A Chinese wind blows through Texas

It's tough to get financing from Wall Street for new clean energy projects these days. But China seems happy to help.


Andrew Leonard
May 5, 2009 2:30PM (UTC)

Reuters reports that Tang Energy Group, a Dallas-based company, has signed a deal for $300 million in financing from a subsidiary of the state-owned industrial group China Aviation Industry Corp. (CAIC) to build wind farms in the U.S. Previously, Tang Energy Group specialized in clean energy projects in China, but now it's turning its focus to the United States.

"It's very helpful for us in this time of tight credit," said Patrick Jenevein, president of Tang. He said the financing was a "huge boost" that would help the company build some 200 to 250 megawatts of wind power capacity, enough to power about 75,000 homes with electricity.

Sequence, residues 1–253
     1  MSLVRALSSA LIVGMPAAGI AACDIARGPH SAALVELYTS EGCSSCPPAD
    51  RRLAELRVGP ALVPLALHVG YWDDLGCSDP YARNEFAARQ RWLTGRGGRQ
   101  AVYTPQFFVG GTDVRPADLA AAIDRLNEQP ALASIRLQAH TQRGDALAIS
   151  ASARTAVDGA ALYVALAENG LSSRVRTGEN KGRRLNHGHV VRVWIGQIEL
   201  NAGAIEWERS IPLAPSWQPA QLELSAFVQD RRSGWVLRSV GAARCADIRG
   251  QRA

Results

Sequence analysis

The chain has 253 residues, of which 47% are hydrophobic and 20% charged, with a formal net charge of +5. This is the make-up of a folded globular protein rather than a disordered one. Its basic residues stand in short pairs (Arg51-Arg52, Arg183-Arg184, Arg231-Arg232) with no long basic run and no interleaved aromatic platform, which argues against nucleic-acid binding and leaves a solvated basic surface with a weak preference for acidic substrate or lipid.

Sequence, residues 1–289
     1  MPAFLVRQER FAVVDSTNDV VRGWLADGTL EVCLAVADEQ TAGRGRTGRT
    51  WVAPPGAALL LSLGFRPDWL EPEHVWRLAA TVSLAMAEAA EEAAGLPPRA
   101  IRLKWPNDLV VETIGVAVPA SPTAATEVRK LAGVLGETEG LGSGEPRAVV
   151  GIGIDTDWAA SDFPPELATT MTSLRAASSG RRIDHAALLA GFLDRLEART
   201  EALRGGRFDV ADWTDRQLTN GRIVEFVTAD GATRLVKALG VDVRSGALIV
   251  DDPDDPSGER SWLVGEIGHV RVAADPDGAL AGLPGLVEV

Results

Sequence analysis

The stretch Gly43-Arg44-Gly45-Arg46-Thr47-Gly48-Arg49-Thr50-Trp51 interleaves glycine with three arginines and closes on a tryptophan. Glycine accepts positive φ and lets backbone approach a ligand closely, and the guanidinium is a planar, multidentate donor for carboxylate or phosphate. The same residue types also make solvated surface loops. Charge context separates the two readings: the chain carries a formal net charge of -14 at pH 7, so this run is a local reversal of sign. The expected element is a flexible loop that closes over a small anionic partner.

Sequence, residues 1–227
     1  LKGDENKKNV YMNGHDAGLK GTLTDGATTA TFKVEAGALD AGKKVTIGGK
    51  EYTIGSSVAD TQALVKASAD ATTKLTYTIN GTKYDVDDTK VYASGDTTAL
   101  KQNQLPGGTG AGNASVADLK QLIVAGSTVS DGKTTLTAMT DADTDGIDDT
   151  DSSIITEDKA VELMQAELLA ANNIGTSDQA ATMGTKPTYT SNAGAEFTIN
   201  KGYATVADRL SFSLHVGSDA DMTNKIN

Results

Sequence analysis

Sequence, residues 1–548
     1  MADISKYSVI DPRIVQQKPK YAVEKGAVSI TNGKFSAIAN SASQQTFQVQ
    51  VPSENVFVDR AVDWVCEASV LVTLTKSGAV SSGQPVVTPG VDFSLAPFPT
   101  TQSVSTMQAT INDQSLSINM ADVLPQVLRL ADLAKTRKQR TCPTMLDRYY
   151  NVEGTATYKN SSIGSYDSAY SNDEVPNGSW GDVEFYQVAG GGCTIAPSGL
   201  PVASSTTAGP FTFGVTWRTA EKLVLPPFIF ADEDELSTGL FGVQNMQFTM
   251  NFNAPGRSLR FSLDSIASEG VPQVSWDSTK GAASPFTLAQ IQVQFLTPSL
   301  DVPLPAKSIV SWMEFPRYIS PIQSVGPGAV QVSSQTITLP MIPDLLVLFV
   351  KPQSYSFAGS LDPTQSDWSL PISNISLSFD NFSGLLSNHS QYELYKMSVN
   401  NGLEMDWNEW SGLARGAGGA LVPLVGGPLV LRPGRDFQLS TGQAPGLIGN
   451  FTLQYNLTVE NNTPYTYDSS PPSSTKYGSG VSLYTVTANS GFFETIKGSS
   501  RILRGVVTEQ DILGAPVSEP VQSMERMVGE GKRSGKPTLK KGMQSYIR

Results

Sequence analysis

Jenevein told Reuters that "the turbines financed by the agreement will be built of materials that are at least 40 percent U.S.-made. The towers and blades are likely to be U.S.-made while the cells of the turbine are likely to be made in China."

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What the Reuters blurb doesn't tell us, however, is that in 2001, Tang Energy Group formed a joint venture with two other subsidiaries of China Aviation Industry Corp, Baoding Huiyang Aviation Propeller Factory, China Aviation Gas-Turbine Power (Group) Corp., to create HT Blade, reputed to be the largest domestic Chinese producer of wind turbine blades.

So, in effect, the state-owned CAIC is subsidizing an American company to build wind turbines whose materials will be partially sourced to CAIC subsidiaries.

What can we conclude from this other than China has learned how to play this capitalism-and-world-trade business very well? And if the U.S. gets a few more wind farms out of the deal, should we be complaining?


Andrew Leonard

Andrew Leonard is a staff writer at Salon. On Twitter, @koxinga21.

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